Transforming the Teacher: Examining Personal Transformations of Faculty Redesigning Courses from Face-to-Face to Online

Katherine L. Terras

Abstract


This study investigated faculty’s personal transformations when redesigning face-to-face courses for online delivery.  The transformative learning theory provided a rich context for ascertaining transformed frames of reference.  Eight mid to late career faculty from a college of education participated.  Qualitative methods were employed, with data collected using semi-structured interviews and inductively analyzed for themes.  Findings revealed two frames of reference about online teaching and learning were transformed while one remained intact.  A transformed frame of reference was that quality learning can be achieved online, thus it is not inferior to face-to-face instruction.  Second, faculty’s self-identity as an exemplary, face-to-face teacher was transformed, as they identified the need for increased organization and detail.  Faculty’s frame of reference not transformed was that pedagogy is at the forefront of decision-making, not technology.  Implications are that challenging experiences can be provocations for growth and that pedagogy can remain constant across the two environments.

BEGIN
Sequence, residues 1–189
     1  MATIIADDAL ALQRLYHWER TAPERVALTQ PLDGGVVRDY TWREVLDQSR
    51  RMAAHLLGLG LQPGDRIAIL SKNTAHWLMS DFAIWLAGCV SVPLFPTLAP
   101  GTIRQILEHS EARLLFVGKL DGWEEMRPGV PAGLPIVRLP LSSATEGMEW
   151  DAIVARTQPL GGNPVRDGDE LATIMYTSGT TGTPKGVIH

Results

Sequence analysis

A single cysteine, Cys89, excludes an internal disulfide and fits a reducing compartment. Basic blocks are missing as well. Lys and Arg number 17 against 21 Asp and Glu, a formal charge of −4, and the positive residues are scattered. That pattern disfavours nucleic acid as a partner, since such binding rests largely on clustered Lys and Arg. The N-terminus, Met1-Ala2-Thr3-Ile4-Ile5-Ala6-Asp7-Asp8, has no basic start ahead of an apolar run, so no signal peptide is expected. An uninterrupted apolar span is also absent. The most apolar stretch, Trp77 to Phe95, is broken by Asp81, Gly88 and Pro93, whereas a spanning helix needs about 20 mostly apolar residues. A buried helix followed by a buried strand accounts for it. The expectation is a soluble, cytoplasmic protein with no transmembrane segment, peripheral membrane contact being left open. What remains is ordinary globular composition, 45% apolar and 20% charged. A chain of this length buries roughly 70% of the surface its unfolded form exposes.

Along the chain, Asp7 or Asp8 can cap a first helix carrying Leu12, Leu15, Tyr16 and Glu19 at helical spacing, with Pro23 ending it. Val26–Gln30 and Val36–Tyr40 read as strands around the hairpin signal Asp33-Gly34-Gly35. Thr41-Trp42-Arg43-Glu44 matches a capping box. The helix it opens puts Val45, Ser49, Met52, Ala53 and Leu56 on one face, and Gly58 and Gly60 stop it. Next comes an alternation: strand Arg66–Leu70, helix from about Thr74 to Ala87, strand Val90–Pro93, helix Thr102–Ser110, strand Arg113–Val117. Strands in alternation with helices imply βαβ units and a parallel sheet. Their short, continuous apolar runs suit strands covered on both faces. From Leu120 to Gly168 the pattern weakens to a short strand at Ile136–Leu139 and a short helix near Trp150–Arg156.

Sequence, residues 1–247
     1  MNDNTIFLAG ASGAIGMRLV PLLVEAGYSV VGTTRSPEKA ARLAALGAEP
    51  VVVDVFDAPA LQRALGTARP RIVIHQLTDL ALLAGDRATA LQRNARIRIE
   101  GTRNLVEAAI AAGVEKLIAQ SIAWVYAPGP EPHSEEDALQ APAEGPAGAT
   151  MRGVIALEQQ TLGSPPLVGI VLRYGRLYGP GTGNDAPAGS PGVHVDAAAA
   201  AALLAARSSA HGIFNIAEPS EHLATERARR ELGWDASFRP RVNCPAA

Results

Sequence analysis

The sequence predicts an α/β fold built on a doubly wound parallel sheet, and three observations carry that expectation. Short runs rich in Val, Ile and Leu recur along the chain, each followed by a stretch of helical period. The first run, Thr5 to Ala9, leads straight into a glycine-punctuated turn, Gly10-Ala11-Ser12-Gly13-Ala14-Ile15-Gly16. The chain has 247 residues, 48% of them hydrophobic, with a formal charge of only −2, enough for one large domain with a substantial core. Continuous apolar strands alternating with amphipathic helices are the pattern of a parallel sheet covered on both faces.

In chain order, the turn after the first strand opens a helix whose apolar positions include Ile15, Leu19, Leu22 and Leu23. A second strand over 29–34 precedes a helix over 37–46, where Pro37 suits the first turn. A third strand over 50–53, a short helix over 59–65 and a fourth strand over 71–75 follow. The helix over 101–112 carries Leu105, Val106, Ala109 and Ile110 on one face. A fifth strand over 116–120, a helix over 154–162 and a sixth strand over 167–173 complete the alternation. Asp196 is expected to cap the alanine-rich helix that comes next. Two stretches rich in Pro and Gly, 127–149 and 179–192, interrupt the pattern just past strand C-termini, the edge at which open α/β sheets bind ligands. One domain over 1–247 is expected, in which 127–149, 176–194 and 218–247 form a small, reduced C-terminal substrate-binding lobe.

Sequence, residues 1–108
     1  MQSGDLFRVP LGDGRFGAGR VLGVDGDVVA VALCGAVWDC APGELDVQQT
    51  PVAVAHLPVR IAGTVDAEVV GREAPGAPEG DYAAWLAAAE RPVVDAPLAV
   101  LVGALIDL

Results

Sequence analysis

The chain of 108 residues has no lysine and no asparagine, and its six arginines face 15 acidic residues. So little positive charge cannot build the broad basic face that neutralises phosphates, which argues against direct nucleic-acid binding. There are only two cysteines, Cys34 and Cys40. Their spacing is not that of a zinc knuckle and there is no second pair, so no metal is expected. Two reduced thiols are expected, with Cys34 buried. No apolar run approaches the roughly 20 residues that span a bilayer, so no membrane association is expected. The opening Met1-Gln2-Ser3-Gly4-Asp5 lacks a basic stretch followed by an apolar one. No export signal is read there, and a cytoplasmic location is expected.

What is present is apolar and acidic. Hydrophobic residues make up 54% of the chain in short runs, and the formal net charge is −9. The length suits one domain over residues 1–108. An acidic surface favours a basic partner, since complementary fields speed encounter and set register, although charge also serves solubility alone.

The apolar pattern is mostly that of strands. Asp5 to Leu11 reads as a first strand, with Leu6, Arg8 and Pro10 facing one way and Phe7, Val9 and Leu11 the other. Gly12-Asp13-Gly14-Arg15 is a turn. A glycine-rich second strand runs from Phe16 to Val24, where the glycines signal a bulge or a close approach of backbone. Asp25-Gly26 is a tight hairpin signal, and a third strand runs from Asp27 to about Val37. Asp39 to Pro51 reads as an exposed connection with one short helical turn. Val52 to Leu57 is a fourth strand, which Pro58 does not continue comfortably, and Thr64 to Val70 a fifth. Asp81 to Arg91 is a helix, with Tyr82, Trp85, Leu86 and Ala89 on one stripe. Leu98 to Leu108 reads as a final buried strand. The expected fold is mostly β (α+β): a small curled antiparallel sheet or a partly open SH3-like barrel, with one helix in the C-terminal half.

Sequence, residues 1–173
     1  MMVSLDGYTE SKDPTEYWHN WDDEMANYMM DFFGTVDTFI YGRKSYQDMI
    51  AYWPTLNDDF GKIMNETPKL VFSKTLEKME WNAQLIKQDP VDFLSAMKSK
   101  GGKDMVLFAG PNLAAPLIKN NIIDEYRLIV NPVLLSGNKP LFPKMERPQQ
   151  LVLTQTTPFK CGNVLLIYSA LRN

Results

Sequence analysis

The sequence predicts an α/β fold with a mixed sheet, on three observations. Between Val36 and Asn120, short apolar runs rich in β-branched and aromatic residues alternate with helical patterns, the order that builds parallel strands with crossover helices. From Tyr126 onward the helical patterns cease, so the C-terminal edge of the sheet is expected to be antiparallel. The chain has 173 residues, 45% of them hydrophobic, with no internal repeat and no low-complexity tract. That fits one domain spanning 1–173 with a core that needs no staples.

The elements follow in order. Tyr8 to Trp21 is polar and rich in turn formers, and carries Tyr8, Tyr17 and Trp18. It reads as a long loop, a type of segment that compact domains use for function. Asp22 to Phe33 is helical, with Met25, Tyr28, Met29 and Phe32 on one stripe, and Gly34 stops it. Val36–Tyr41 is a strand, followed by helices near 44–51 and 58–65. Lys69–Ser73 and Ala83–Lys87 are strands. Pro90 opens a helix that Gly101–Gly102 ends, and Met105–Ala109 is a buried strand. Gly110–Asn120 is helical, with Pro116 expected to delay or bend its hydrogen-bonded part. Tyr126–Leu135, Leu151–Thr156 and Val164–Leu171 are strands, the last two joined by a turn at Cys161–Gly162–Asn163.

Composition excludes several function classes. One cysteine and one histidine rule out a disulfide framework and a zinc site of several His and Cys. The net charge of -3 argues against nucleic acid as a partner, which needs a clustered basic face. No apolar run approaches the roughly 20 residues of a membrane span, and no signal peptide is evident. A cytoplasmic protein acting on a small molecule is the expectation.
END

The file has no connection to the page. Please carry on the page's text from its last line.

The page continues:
Keywords


transformative learning theory; online teaching; face-to-face; adult learning

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References


References

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